The Arabist

The Arabist

By Issandr El Amrani and friends.

A short, hot afternoon in Cairo

It’s 36 degrees in Cairo but it feels hotter. Walking Downtown is a nasty, sticky business.

Midan Talat Harb was quiet around two. Fifteen big green trucks full of hot, unhappy Central Security boys—the foot odor alone should be enough to subdue a riot—and a block of seventy or so of them formed up in the shade next to the entrance to Al Ghad HQ. Outside Madbouli’s bookstore I’m pretty sure I spotted the seventy-something Hagg Madbouli himself, fanning the bottom of his gallebeya gently to stay cool while he checked out the scene.

The trucks and the boys were packed tighter up Champollion Street, maybe because it’s a little cooler there. Table after table of bashawat officers with their handguns strapped to their sides and their imported sunglasses pulled up tight around their eyes, sipping tea in the shade and guaranteeing the stability of the state with their legs comfortably stretched out in front of them. The recruits, meanwhile, were sweating in the sun of Sarwat Street. The uniformed ones stood in rows, their heavy helmets shining like eight balls. The beltaguia perched in their usual little huddles of six or ten, leaning on parked cars and smoking Cleopatras.

By the time I got to the High Court, the steps were packed with judges, with Mekki near the center. A bit of mugging for the cameras, but on the whole this was the solid, dignified face of dissent—a lot of thousand yard stares for the crescent of sweat-slicked camera folk crouching and stretching for their shots.

A smattering of supporters there among the journalists, and a few western diplo-folk as well, skulking at the fringes, picking up souvenir posters and whatever loose talk was going.

The grip ‘n grin broke up around 2.30 and the judges made their way up the street to the Club on Sarwat, By then the most energetic demonstration in a while was underway on the steps of the Journalists’ Syndicate next door, with around 150 protestors chanting and waving banners. As usual, they were walled in by half again their weight in blank faced riot police backed up by beltaguia in sweats and sneakers. The officer running things was barking orders at the little guys in their mufti, sending them scurrying back and forth to balance the weight of the protestors inside the line of Amn Markazi as they moved around.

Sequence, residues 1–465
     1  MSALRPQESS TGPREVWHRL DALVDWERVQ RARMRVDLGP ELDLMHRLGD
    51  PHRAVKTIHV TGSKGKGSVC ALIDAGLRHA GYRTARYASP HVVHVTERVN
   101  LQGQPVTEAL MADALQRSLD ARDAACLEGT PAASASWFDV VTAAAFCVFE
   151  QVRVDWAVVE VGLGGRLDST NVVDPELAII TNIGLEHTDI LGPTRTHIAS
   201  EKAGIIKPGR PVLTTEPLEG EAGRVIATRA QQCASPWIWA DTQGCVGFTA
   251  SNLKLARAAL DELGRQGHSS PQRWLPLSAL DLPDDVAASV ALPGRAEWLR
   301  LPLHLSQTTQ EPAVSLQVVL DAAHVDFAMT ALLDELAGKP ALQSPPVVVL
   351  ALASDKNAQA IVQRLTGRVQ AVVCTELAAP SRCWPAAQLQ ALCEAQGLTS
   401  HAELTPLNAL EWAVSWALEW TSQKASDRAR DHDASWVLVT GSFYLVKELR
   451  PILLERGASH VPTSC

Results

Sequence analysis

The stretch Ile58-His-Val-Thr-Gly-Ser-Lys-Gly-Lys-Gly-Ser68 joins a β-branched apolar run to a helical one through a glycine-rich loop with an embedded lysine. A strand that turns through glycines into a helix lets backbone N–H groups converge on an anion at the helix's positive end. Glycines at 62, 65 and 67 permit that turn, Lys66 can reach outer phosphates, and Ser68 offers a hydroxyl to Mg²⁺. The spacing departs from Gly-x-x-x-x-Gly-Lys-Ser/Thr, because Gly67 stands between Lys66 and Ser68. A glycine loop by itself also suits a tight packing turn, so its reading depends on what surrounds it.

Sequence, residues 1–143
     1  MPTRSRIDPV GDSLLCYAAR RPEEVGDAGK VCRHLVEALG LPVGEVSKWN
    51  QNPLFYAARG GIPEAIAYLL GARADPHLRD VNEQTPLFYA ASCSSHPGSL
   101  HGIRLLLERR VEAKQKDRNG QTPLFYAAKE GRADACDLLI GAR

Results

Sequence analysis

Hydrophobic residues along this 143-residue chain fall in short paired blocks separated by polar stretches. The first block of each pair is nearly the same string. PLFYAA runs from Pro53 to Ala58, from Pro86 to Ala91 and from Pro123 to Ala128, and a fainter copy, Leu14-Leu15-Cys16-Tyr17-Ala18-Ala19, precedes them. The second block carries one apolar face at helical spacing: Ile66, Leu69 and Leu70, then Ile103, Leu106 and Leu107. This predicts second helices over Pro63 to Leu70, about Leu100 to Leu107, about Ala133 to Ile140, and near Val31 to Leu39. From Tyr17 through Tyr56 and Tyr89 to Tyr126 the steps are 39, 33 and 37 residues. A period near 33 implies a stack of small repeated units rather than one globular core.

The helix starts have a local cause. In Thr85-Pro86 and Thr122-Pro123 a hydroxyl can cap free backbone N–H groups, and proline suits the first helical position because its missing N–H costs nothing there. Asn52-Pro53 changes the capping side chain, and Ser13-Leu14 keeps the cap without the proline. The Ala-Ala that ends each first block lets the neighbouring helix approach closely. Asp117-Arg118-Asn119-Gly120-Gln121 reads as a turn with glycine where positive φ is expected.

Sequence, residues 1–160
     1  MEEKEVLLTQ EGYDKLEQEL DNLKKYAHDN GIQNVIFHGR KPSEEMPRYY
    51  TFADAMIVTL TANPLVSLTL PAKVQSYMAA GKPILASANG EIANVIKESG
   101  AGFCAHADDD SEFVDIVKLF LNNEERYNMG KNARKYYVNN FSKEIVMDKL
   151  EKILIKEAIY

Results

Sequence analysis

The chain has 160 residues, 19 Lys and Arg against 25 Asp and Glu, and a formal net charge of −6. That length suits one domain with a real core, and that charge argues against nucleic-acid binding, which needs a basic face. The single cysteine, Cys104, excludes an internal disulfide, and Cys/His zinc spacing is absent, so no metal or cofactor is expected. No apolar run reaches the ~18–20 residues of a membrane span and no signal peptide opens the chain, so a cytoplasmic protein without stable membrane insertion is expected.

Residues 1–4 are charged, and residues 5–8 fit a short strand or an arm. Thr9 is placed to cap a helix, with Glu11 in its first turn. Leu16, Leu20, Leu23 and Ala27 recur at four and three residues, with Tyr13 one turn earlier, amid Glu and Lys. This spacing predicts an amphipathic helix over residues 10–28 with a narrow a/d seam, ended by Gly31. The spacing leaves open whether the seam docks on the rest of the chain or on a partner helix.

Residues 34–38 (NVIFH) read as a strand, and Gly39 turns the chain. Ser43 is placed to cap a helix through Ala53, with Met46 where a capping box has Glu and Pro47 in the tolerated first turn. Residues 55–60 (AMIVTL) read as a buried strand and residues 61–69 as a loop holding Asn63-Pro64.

Mekki appeared around 2.40, pushing his way to the middle of Sarwat to stand in front of the syndicate. He’s a big guy with close-cropped hair—solid shoulders and a thick body. Stands out in the crowd. He applauded the protestors inside the cordon and raised his hands. The protestors responded, chanting louder and Mekki pushed forward until he was against the cordon. But once the crowd inside started to push toward him, thinning out the line of Amn Markazi between them, he moved away.

It was an interesting moment. My feeling was that Mekki had the crowd and could have led them through the line of police, but he didn’t. He backed off and was slipping through the gate and back into the Judge’s Club less than a minute later. Make of it what you will.

The protestors kept it up until around 3.20 before dispersing of their own volition. It was still hot as hell, so maybe they’d had enough of chanting and yelling in a dusty roadside sauna, or maybe they just figured that the point had been made. In any event, the beltaguia didn't get any action this time out, and the tea sipping classes got through another afternoon without having to move around too much.